Telomeres, sex, reactive oxygen species, and human cardiovascular aging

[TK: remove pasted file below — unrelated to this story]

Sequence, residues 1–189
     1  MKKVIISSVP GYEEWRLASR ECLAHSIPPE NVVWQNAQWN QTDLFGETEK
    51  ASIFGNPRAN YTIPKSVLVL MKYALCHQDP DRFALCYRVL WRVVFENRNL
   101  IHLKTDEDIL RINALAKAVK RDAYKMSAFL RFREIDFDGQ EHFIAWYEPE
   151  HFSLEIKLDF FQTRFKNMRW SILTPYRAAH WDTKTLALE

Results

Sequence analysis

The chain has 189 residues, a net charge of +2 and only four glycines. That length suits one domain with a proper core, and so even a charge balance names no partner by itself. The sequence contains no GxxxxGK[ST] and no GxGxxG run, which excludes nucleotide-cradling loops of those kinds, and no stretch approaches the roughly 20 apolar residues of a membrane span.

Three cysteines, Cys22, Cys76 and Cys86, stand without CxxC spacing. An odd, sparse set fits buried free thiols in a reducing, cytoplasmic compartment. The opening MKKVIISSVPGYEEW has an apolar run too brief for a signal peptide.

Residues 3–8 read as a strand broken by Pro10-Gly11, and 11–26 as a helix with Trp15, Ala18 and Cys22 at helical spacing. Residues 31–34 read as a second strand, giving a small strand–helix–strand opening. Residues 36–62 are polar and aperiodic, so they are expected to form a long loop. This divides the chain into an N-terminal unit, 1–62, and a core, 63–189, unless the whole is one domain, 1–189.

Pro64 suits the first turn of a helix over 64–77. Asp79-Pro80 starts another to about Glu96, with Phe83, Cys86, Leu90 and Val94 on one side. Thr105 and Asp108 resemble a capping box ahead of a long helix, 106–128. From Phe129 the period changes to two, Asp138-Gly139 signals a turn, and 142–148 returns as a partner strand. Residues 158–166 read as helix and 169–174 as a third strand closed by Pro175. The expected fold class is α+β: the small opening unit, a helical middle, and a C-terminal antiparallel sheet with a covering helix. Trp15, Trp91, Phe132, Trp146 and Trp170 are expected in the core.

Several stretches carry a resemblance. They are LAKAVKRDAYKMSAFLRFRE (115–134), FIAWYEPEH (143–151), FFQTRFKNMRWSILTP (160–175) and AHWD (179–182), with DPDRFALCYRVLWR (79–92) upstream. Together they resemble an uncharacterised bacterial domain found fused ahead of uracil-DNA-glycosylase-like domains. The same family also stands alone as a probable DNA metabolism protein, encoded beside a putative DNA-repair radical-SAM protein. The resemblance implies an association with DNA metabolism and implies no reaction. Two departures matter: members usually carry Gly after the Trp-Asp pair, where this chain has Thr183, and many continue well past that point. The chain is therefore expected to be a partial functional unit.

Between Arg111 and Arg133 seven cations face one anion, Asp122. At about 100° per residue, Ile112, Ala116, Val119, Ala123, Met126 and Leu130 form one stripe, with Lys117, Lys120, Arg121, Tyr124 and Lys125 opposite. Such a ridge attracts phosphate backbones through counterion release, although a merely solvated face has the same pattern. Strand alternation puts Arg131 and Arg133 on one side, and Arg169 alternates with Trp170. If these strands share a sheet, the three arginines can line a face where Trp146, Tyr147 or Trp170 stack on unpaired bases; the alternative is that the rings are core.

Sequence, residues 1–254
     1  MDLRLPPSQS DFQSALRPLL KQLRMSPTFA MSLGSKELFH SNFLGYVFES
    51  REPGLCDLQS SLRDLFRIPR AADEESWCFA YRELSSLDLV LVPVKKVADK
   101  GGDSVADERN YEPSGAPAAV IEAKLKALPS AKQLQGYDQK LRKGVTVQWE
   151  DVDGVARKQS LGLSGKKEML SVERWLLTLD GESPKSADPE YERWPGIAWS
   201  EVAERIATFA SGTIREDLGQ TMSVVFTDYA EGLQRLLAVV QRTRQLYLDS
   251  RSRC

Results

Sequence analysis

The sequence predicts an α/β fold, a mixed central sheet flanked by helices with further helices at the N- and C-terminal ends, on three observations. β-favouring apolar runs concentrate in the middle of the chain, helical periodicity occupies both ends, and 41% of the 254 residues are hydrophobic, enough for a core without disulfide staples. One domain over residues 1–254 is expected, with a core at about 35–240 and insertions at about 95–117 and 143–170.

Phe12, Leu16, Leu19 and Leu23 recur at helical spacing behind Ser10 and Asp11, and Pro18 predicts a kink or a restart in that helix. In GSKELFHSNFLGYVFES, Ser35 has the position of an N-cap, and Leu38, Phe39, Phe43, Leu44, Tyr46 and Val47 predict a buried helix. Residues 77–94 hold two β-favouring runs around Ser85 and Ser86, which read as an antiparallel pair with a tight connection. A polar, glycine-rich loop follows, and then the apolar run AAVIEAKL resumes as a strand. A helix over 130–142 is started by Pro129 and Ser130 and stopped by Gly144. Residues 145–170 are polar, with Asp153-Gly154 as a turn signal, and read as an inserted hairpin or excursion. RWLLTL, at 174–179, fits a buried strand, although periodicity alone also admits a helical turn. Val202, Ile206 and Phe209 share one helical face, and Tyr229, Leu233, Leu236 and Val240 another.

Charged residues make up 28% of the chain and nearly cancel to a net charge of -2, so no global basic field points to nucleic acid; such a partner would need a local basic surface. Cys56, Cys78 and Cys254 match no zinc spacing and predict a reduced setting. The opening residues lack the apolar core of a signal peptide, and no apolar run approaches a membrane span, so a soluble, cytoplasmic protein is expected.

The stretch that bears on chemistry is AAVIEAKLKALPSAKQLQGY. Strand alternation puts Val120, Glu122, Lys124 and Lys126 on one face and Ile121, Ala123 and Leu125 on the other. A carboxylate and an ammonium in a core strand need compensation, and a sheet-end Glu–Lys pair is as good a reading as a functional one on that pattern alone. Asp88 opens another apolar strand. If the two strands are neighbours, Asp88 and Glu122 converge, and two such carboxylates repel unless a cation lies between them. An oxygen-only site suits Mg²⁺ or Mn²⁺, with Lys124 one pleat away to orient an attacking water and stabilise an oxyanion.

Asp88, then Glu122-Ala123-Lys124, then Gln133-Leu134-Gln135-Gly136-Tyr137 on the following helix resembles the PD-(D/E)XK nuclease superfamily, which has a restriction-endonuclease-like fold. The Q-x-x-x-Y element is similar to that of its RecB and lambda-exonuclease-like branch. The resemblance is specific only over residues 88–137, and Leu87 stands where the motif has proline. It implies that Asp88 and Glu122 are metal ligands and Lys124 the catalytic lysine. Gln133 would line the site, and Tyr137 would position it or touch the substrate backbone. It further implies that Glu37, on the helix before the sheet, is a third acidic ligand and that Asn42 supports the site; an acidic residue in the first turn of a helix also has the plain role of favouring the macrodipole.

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By undergoing erosion with each replicative cycle, telomeres chronicle the replicative history of human somatic cells in vitro and in vivo. In human beings the telomere is relatively short, inversely correlated with age, highly heritable, and longer in women than men. However, it is not established whether the dynamics of telomere attrition in vivo has a role in the biology of human aging. Telomere attrition may be modified by reactive oxygen species, the biology of which is governed by processes that are influenced by sex. Indices of cardiovascular aging in humans are correlated with telomere length and this relationship is characterized by sexual dimorphism. In the final analysis, the biology of reactive oxygen species may offer a common explanation for some interindividual variation in cardiovascular aging and age-dependent telomere attrition in humans.
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